Even before the counting would officially end and the Bharatiya Janata Party (BJP) could absorb the dismal drubbing in the Bihar polls last year, a bespectacled man was the first to react, calling Nitish Kumar a political superhero. Pinning the BJP’s defeat firmly on PM Narendra Modi, the man said the elections were always fought in the name of leaders, wasn’t it?
“When the Congress losses, it is Soniaji’s loss. Similarly, these elections were also fought in Modi’s name and just as it credits its poll victories to Modi, the BJP must also accept that the responsibility for this defeat lies with Modi.”
It’s this acerbic wit and the ability to command notorious headlines for the party that has now won the bespectacled man, Sanjay Raut, his third nomination as the party’s Rajya Sabha nominee on Monday. Raut, the executive editor of the party mouthpiece Saamna, has been associated with the daily for 25 years now. Raut has, through the mouthpiece, mounted serial attacks on the BJP and even Modi, personally, often for days at end.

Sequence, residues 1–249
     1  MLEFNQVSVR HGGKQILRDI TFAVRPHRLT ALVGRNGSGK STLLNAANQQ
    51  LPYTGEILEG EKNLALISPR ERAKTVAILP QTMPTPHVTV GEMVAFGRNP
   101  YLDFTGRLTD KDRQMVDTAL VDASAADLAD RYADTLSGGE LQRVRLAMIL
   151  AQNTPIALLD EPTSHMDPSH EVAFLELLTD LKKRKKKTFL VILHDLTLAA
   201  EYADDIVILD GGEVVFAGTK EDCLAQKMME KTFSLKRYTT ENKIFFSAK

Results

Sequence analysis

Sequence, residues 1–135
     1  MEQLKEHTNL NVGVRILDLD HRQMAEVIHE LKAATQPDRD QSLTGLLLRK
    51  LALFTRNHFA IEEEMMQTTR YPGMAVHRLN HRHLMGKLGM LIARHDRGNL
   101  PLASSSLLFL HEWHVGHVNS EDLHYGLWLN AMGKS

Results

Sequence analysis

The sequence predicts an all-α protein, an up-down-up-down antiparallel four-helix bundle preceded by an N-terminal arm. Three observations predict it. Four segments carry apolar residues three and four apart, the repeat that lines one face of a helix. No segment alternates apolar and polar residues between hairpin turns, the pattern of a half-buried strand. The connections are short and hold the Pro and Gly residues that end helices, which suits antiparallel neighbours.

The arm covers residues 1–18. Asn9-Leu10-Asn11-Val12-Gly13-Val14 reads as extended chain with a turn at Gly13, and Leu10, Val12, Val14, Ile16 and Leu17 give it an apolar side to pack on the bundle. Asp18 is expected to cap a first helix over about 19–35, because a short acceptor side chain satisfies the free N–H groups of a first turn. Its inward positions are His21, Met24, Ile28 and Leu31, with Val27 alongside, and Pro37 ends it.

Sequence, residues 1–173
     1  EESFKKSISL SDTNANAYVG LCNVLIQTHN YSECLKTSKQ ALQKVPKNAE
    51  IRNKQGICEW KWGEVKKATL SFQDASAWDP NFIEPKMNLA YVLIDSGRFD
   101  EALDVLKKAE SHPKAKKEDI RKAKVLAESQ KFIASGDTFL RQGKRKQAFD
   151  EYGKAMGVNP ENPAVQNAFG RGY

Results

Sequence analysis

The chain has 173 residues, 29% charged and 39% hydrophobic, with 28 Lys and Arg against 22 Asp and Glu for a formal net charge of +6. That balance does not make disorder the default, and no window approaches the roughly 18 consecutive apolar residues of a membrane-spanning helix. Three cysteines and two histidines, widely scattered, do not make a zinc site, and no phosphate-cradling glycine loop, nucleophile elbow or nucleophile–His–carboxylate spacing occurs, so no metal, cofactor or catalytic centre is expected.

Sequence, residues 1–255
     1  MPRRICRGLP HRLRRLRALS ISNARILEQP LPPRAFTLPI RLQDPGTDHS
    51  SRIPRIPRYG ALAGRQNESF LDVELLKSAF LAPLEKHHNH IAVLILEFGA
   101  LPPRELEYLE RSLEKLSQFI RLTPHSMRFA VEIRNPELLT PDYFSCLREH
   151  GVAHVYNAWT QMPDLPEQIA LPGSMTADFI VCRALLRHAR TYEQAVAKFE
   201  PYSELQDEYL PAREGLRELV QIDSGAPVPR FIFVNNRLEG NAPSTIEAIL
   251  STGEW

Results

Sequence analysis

This also puts an end to the rumours that Sena chief Uddhav Thackeray was not happy with Raut and had been planning to replace him in the RS, as soon as he retires. It also confirms Raut’s position as one of the key persons in Thackeray’s team of top lieutenants running the Sena.
From mocking Modi over his birthday visit to Pakistan to lampooning the BJP’s ‘wave’ and calling it a short-lived gust of wind, the editorials have been at the forefront of the Sena’s rhetoric against its one-time saffron friend.
While Thackeray is the paper’s editor-in-chief, political circles are aware that it is, in fact, Raut who pens the editorials and maintains the party’s identity of rabblerousing, one that its cadre is most attracted to and identifies most with. “In some sense, the Saamna is the link between the cadre and the Sena of the olden days, the Balasaheb-era and Raut is in-charge of ensuring the link remains,” said a party leader.
Raut’s renomination is being read as a signal from the Sena’s top leadership that the editorials will continue and so will Raut’s presence on television screens, lampooning its saffron partner.